Daily Briefing

10 things you need to know today: July 10, 2019

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Harold Maass
Ross Perot in 1992
PAUL RICHARDS/AFP/Getty Images

1.

Former third-party presidential candidate Ross Perot dies at 89

Billionaire businessman Ross Perot, who ran unusually strong third-party campaigns for president in 1992 and 1996, has died after a five-month battle with leukemia, a representative for his family confirmed Tuesday. Perot was 89. "In business and in life, Ross was a man of integrity and action," the family spokesman, James Fuller, said. "A true American patriot and a man of rare vision, principle, and deep compassion, he touched the lives of countless people through his unwavering support of the military and veterans and through his charitable endeavors." Perot was an early tech entrepreneur before he disrupted politics with his 1992 run, in which he got nearly 19 percent of the vote in the most successful third-party run since Theodore Roosevelt's Bull Moose Party campaign in 1912. [CNBC]

2.

Acosta faces criticism for his role in Epstein plea deal

Top congressional Democrats on Tuesday called on Labor Secretary Alexander Acosta to resign over his role in negotiating a lenient sex-crime plea deal for billionaire financier Jeffrey Epstein more than a decade ago, when Acosta was a federal prosecutor in Miami. Epstein served 13 months for abusing young women and underage girls, and Acosta, 50, told a friend earlier this week that it was the "toughest deal" possible at the time. Epstein has been arrested on new sex trafficking charges in New York, and this week entered a not guilty plea. Acosta tweeted that "the crimes committed by Epstein are horrific," adding he was pleased "new evidence" had led to new charges. President Trump defended Acosta, saying he was doing a "fantastic job" as Labor secretary. [The New York Times, Politico]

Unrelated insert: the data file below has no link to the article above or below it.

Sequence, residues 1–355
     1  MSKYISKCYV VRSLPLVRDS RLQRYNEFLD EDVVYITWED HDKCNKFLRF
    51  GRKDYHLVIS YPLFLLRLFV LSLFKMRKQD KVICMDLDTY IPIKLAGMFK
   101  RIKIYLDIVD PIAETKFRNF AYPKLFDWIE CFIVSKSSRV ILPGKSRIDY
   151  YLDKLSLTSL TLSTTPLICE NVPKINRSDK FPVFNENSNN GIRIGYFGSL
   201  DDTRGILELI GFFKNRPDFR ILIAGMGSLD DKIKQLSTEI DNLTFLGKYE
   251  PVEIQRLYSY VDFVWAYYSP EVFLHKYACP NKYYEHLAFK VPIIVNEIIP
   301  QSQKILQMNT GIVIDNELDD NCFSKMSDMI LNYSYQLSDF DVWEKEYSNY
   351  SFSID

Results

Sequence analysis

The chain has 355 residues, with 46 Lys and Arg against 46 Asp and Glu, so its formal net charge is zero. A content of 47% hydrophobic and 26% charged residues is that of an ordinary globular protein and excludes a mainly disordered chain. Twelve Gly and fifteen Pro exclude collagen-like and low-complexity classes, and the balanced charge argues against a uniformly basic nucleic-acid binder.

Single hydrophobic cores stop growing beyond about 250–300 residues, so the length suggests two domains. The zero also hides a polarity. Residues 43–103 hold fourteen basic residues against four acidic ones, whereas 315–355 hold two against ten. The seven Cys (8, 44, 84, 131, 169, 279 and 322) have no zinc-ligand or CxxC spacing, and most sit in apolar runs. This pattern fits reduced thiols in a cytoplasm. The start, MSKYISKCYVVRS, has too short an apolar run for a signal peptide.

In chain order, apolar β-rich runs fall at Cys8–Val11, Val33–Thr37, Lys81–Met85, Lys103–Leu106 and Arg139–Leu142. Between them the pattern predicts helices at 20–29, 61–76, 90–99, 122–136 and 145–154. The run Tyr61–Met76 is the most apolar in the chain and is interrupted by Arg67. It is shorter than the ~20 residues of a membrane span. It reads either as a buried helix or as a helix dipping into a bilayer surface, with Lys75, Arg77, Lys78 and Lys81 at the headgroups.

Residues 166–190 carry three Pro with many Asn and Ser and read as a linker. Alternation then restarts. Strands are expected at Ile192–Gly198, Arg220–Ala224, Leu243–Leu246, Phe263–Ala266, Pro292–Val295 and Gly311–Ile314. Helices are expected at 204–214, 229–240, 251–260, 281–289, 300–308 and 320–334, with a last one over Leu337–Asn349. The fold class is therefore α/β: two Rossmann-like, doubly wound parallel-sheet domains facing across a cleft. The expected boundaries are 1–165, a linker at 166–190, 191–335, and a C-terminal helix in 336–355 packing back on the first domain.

3.

Court rules Trump can't block Twitter critics

A federal appeals court ruled Tuesday that it is unconstitutional for President Trump to block critics from his Twitter feed. Trump routinely tweets to communicate directly with the public, blasting opponents and spelling out new positions. Judge Barrington D. Parker wrote for a three-judge panel of the U.S. Court of Appeals for the 2nd Circuit in New York that since Trump essentially is using Twitter to conduct government business, he can't exclude people "from an otherwise open online dialogue" simply because they expressed views he doesn't like. The judge added that "if the First Amendment means anything, it means that the best response to disfavored speech on matters of public concern is more speech, not less." [The Washington Post, Reuters]

4.

Judge rejects Trump administration effort to replace census case lawyers

A federal judge on Tuesday blocked the Department of Justice's effort to replace the legal team handling the Trump administration's push to add a citizenship question to the 2020 census. On Sunday, the Justice Department said it would swap out the entire legal team, replacing it with attorneys from the DOJ's Civil Division and Consumer Protection Branch, but did not explain why. Last week, the Department of Justice said it was giving up its fight to get the question on the census, but Trump pushed back, saying he is considering an executive order to ensure it is included. U.S. District Judge Jesse M. Furman rejected the bid to change the legal team, saying the "defendants provide no reasons, let alone 'satisfactory reasons,' for the substitution of counsel." [The New York Times]

5.

Migrant children report alleged mistreatment at Arizona border facility

Dozens of migrant children held at a border station in Yuma, Arizona, have made complaints to government case managers, including allegations of sexual assault, and retaliation for speaking out about poor conditions, NBC News reported Tuesday, citing documents it obtained. In one report, a 15-year-old girl from Honduras said a Customs and Border Protection agent publicly groped her, putting his hands inside her bra and pulling down her underwear during a pat down. In another, a 16-year-old Guatemalan boy said agents took the sleeping mats out of his cell after he complained about the taste of the water and food. A CBP spokesperson told NBC News the sexual assault allegation is under investigation, and that the agency treats all detainees "with dignity and respect." [NBC News]